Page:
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Devin Singletary scheme fit: Patience will lead to a starting running back

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By year two, Singletary could be setting the pace.

The Buffalo Bills made a commitment to their running game by selecting the talented Devin “Motor” Singletary in the third round of the 2019 NFL Draft. While Singletary is on the small side for a running back, he was insanely productive in college and is a handful to try and tackle in space. How does he fit with the Buffalo Bills? Let’s take a look.

Team Fit

We joke about Buffalo’s geriatric running-back room, but the fact is that Singletary was chosen to be a part of the future, not a player for today. Out of around 450 carries and 120 pass targets, LeSean McCoy and Frank Gore will be carrying the lion’s share of reps, while running back T.J. Yeldon, assuming he makes the roster, should expect to earn 50 to 100 touches in his own right. That leaves another 50 to 100 touches for Singletary, unless he can manufacture reps as a punt returner or kick returner. But that’s also a challenge, since he’s playing with All-Pro returner Andre Roberts on the team.

After 2019, both McCoy and Gore will be free agents, paving the way for Singletary to establish himself as the starter moving forward.

For what it’s worth, Singletary is primed to eventually be the lead back in an offense. Experienced navigating both gap and zone, playing with offensive whiz Lane Kiffin, he dominated his team’s production shares and has experience in pass protection and as a receiver. For now, he’s mostly been used as a screen receiver or on swing passes, but he shows enough natural skill to grow his role in that department.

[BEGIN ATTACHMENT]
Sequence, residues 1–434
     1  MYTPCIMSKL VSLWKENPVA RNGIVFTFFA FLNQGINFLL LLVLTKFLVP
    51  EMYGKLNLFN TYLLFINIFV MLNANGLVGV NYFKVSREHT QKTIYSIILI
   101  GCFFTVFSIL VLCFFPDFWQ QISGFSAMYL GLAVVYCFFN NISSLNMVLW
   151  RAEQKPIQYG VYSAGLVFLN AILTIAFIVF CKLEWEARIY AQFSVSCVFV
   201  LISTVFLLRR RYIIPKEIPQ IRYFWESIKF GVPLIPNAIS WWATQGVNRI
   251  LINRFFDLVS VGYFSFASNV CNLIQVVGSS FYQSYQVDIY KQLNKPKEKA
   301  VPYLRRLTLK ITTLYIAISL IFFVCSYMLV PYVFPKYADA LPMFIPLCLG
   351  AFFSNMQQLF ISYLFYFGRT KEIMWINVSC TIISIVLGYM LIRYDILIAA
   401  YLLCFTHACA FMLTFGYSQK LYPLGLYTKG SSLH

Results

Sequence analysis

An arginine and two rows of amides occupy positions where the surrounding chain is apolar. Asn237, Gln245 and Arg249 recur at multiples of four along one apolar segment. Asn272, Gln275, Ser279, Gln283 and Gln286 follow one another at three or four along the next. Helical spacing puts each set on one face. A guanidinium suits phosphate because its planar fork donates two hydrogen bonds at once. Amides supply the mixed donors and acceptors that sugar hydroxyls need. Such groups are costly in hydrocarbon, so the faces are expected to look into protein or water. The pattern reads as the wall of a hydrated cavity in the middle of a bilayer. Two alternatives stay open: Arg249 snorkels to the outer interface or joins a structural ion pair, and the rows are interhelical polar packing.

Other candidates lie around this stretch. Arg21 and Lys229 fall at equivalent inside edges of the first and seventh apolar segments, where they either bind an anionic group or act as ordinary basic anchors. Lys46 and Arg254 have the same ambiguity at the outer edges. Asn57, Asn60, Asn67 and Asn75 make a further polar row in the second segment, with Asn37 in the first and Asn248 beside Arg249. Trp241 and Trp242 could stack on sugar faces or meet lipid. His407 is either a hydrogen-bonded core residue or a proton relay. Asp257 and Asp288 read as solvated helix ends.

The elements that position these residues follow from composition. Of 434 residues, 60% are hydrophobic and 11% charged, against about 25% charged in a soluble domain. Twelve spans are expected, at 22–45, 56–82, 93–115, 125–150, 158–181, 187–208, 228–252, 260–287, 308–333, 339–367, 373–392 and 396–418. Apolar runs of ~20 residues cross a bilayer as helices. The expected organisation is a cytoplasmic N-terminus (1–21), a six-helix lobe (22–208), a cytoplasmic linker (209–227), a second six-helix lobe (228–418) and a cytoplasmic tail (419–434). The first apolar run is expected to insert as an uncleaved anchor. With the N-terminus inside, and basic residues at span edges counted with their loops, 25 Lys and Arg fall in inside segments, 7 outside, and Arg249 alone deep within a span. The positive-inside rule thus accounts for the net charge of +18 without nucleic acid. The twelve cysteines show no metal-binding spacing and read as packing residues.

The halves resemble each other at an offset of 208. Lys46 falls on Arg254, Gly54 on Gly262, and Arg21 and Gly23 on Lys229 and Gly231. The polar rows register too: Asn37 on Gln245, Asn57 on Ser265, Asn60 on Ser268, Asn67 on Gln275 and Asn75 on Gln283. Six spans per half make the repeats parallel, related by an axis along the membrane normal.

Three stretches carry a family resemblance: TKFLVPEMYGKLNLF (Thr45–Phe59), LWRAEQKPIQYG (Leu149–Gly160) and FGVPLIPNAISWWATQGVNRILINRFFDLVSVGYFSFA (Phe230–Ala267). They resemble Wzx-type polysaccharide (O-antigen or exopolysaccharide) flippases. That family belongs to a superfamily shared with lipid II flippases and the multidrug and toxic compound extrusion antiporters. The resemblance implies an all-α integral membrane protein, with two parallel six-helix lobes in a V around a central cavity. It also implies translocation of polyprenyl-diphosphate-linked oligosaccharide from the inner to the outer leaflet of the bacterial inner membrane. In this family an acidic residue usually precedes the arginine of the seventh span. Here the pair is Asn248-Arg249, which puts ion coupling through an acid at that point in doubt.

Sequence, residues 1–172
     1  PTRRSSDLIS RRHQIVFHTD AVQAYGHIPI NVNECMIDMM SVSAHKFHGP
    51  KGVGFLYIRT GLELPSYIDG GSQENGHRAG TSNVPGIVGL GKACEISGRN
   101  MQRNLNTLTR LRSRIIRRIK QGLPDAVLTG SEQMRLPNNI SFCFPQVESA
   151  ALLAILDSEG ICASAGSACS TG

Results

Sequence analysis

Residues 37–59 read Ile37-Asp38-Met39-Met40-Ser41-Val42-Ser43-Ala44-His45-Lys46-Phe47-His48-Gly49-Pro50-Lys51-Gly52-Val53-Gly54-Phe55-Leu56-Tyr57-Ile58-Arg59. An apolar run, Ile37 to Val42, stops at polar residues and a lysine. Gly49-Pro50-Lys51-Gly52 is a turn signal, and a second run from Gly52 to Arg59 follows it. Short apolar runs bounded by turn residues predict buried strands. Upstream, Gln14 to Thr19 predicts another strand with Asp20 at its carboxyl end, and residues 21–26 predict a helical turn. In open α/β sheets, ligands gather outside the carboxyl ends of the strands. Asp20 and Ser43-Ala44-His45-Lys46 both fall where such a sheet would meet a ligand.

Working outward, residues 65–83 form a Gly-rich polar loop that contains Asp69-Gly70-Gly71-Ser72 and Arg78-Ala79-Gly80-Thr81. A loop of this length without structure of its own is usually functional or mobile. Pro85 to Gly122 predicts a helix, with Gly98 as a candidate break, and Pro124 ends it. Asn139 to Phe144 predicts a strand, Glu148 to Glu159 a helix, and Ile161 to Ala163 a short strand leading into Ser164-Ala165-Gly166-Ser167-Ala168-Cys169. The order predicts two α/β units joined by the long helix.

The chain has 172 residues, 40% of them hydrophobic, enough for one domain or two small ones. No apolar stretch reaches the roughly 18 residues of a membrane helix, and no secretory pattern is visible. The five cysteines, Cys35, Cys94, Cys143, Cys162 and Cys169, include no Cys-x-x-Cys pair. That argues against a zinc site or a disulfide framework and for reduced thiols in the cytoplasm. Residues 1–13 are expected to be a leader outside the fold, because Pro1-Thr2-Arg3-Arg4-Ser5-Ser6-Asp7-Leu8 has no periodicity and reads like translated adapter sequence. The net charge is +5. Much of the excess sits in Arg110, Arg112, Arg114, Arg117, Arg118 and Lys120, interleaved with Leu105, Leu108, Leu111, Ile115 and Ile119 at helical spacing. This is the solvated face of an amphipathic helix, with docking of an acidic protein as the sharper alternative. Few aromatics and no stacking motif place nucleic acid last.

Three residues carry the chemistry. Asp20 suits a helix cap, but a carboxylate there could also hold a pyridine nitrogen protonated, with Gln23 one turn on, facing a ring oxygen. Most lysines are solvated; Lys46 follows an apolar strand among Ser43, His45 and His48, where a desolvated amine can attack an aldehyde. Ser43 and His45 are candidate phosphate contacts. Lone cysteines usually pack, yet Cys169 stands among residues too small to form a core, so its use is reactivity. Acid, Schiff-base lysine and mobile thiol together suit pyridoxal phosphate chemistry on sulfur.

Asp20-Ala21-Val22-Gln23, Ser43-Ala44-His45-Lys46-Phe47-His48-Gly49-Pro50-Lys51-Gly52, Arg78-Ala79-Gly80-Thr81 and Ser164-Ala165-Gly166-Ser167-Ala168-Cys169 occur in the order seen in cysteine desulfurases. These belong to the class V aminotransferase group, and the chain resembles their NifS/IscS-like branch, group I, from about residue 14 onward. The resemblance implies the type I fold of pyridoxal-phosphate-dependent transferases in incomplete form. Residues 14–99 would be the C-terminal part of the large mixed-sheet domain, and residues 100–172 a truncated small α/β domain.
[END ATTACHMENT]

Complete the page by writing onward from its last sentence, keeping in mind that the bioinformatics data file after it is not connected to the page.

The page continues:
Player Comparison

As an undersized running back who plays faster than he tests (4.66 forty, 35” vertical, 117” broad jump), Singletary maps closest to a running back like Dion Lewis. Lewis measured 5’7” and 193 lbs, with 28 1/8” arms and 8 3/4” hands. With a 4.56 forty-yard dash, 34.5” vertical, and 112” broad jump, Lewis is probably the closest match. Another match is Jacquizz Rodgers, 5’6” 196 lbs, had a 4.59 forty, 33” vertical, and 113” broad jump.

Stylistically, the 5’10 3/8” 204-lb McCoy is the best fit for Singletary. McCoy had terrible jumps at his pro day, but the rest of his athletic testing was better, including a 6.82 three-cone drill (Singletary only managed a 7.32). But both players have the same shifty style that leans on vision and jump cuts.

Sample Play: 0 Out Slot YAP Sprint 36 Gut

Singletary is at his best when he can read through the mess of player in front of him, calculate the path of least resistance, and duck between defenders for a cutback. That style will mesh well with this zone-running play. He aims for the right tackle, and needs to read the blocks as they develop in front of him. If the road ahead is clear, he continues behind his blocking, but he can jump against the grain if he thinks a bigger gain will be available.


While both Ed Oliver and Cody Ford are primed to start from year one, Buffalo’s third pick has a more difficult path to the field. It’s possible that age or injuries could take their toll on either McCoy or Gore and create an opening for Singletary, but that shouldn’t be the expectation in year one. When he does enter the lineup, though, Singletary’s versatility and vision should allow him to have an impact between the tackles for the Bills.